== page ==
FIGURE 62-3 Kaplan–Meier Estimates of the time to the primary endpoint of death from or hospitalization for any cause (A), the time to the secondary endpoints of death from any cause (B), the time to death from or hospitalization for cardiovascular causes (C), and the time to death from or hospitalization for heart failure (D). (A) The 12-month rates of death from or hospitalization for any cause (the primary end point) were 68% in the OMT group, 56% in the group that received CRT-P, and 56% in the group that received CRT-D. (B) The 12-month rates of death from any cause were 19% in the OMT group, 15% in the CRT-P group, and 12% in the CRT-D group. (C) The 12-month rates of death from or hospitalization for cardiovascular causes were 60% in the OMT group, 45% in the CRT-P group, and 44% in the CRT-D group. (D) The 12-month rates of death from or hospitalization for heart failure were 45% in the OMT group, 31% in the CRT-P group, and 29% in the CRT-Dgroup. P values are for the comparison with OMT. Reproduced with permission from Bristow MR, Saxon LA, Boehmer J, et al. Cardiac-resynchronization therapy with or without an implantable defibrillator in advanced chronic heart failure. N Engl J Med. 2004;May 20;350(21):2140-2150.
The Cardiac Resynchronization-Heart Failure (CARE-HF) study compared CRT-P to OMT in patients with LVEF of ≤35%, NYHA class III or IV heart failure, a left ventricular end-diastolic dimension of at least 30 mm (indexed to height), and a QRS duration ≥120 ms. For those with QRS durations 120 to 149 ms, evidence of dyssynchrony was also required.14 This study showed marked reduction in the primary composite end point of death or cardiovascular hospitalization (39% in CRT-P group, 55% in OMT group, hazard ratio, 0.63; 95% confidence interval, 0.51 to 0.77; P < 0.001) (Figure 62-4). The relative risk reduction in mortality observed in the CARE-HF trial was not only similar to the CRT-D arm in COMPANION, but the mortality benefit was achieved without the defibrillation capabilities of the device. Indeed, in COMPANION the secondary endpoint of death or hospitalization from a cardiovascular cause (the primary endpoint in CARE-HF) was decreased only 1% by the addition of a defibrillator to CRT-P (Figure 62-3C). Thus, for patients who desire quality of life and improved longevity but do not desire an ICD, a CRT-P is completely appropriate and emphasizes the importance of discussing options and having patients share in the decision making process.15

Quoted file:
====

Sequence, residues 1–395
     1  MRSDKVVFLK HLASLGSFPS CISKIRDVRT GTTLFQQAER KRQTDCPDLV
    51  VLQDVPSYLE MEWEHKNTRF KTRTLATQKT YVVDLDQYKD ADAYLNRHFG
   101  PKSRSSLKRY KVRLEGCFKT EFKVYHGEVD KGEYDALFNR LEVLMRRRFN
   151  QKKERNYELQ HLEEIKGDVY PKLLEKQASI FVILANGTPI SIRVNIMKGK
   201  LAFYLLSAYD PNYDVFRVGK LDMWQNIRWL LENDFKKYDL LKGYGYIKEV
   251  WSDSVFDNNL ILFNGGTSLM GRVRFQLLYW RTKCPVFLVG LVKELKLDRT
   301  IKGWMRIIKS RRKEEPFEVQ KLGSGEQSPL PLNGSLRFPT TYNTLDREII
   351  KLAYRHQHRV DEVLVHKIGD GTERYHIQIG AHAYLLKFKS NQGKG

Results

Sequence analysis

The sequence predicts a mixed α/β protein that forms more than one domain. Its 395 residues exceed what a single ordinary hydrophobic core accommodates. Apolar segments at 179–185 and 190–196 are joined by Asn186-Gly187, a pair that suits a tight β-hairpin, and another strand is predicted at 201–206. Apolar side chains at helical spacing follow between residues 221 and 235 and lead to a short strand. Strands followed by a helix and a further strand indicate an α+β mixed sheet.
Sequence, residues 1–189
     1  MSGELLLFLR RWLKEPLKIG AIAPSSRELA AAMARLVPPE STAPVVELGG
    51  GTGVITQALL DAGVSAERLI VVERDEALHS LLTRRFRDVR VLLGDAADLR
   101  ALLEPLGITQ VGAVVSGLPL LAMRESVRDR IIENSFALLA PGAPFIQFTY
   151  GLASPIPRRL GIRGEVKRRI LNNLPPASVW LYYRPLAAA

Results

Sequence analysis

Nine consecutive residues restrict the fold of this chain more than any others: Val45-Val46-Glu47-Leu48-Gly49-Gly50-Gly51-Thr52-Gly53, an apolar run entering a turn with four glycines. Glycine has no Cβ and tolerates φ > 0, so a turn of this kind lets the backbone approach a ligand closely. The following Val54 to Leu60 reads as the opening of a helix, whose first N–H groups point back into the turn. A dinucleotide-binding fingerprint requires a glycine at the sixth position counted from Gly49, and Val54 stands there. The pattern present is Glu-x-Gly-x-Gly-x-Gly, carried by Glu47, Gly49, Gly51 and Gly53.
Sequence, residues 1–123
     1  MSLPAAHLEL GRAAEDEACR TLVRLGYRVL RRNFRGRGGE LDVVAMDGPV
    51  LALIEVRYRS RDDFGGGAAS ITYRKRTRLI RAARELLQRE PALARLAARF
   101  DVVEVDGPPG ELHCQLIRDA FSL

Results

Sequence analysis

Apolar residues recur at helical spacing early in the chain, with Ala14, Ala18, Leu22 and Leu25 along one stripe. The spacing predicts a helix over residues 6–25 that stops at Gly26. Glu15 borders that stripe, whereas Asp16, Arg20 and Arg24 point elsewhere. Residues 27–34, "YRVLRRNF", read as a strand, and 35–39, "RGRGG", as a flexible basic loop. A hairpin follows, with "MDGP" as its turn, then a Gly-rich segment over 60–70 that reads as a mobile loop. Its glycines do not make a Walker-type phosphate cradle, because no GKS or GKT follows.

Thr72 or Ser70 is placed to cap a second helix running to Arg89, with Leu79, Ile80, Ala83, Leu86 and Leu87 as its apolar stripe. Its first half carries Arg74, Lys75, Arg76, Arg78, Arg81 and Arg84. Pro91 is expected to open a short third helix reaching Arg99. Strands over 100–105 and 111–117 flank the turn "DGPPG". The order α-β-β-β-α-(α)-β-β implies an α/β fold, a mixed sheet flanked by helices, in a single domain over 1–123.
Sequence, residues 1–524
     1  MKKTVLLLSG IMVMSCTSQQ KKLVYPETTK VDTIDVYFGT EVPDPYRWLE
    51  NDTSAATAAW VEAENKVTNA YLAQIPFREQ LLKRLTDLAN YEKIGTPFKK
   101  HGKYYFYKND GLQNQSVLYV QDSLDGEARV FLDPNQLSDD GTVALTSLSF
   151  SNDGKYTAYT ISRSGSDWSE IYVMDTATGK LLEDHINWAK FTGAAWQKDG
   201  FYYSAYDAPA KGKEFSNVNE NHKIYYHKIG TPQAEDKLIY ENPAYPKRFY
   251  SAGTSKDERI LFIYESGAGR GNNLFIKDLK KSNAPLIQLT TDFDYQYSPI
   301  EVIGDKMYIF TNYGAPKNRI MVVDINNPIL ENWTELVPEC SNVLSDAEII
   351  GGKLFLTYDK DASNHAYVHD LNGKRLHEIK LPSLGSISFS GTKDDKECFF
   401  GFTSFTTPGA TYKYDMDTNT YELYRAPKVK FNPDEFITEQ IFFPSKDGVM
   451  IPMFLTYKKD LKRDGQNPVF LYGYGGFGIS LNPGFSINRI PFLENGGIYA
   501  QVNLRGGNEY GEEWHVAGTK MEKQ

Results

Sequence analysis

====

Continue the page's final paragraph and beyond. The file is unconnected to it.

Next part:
FIGURE 62-4 Kaplan–Meier estimates of the time to the primary endpoint (A), and the principal secondary end point (B) in the CARE-HF trial. The primary end point was death from any cause or an unplanned hospitalization for a major cardiovascular event, significantly decreased by CRT-P (hazard ratio, 0.63, 95% confidence interval, 0.51 to 0.77; P<0.001). The principal secondary end point was death from any cause was also decreased by CRT-P (hazard ratio, 0.64; 95% confidence interval, 0.48 to 0.85; P<0.002). Reproduced with permission from Cleland JG, Daubert JC, Erdmann E, et al. The effect of cardiac resynchronization on morbidity and mortality in heart failure. N Engl J Med. 2005;April 14;352(15):1539-1549.
1. Bristow MR, Saxon LA, Boehmer J, et al. Cardiac-resynchronization therapy with or without an implantable defibrillator in advanced chronic heart failure. N Engl J Med. 2004;350(21):2140-2150.
2. Follath F. Nonischemic heart failure: epidemiology, pathophysiology, and progression of disease. J Cardiovasc Pharmacol. 1999;33(Suppl 3):S31-35.
3. Bardy GH, Lee KL, Mark DB, et al. Amiodarone or an implantable cardioverter-defibrillator for congestive heart failure. N Engl J Med. 2005;352(3):225-237.
4. Epstein AE, DiMarco JP, Ellenbogen KA, et al. ACC/AHA/HRS 2008 Guidelines for Device-Based Therapy of Cardiac Rhythm Abnormalities: a report of the American College of Cardiology/American Heart Association Task Force on Practice Guidelines (Writing Committee to Revise the ACC/AHA/NASPE 2002 Guideline Update for Implantation of Cardiac Pacemakers and Antiarrhythmia Devices) developed in collaboration with the American Association for Thoracic Surgery and Society of Thoracic Surgeons. J Am Coll Cardiol. 2008;51(21):e1-62.
5. Kadish A, Dyer A, Daubert JP, et al. Prophylactic defibrillator implantation in patients with nonischemic dilated cardiomyopathy. N Engl J Med. 2004;350(21):2151-2158.
6. McNamara DM, Starling RC, Cooper LT, et al. Clinical and demographic predictors of outcomes in recent onset dilated cardiomyopathy: results of the IMAC (Intervention in Myocarditis and Acute Cardiomyopathy)-2 study. J Am Coll Cardiol. 2011;58(11):1112-1118.
7. Bansch D, Antz M, Boczor S, et al. Primary prevention of sudden cardiac death in idiopathic dilated cardiomyopathy—The “Cardiomyopathy Trial (CAT). Circulation. 2002;105(12): 1453-1458.
8. Kadish A, Schaechter A, Subacius H, et al. Patients with recently diagnosed nonischemic cardiomyopathy benefit from implantable cardioverter-defibrillators. J Am Coll Cardiol. 2006;47(12):2477-2482.
9. National Coverage Determination (NCD) for Implantable Automatic Defibrillators. 2005; http://www.cms.gov/medicare-coverage-database/details/ncd-details.aspx?NCDId=110&ncdver=3&bc=AAAAgAAAAAAAAA%3d%3d&. Accessed Oct 21, 2014.
10. Baldasseroni S, Opasich C, Gorini M, et al. Left bundle-branch block is associated with increased 1-year sudden and total mortality rate in 5517 outpatients with congestive heart failure: a report from the Italian network on congestive heart failure. Am Heart J. 2002;143(3):398-405.
11. Silvet H, Amin J, Padmanabhan S, et al. Prognostic implications of increased QRS duration in patients with moderate and severe left ventricular systolic dysfunction. Am J Cardiol. 2001;88(2):182-185, A186.
12. Tabrizi F, Englund A, Rosenqvist M, et al. Influence of left bundle branch block on long-term mortality in a population with heart failure. Eur Heart J. 2007;28(20):2449-2455.
13. Horwich T, Lee SJ, Saxon L. Usefulness of QRS prolongation in predicting risk of inducible monomorphic ventricular tachycardia in patients referred for electrophysiologic studies. Am J Cardiol. 2003;92(7):804-809.
14. Cleland JG, Daubert JC, Erdmann E, et al. The effect of cardiac resynchronization on morbidity and mortality in heart failure. N Engl J Med. 2005;352(15):1539-1549.
15. Lin GA, Matlock DD. Less patient-centered care: an unintended consequence of guidelines? JAMA Intern Med. 2013;173(7):578-579.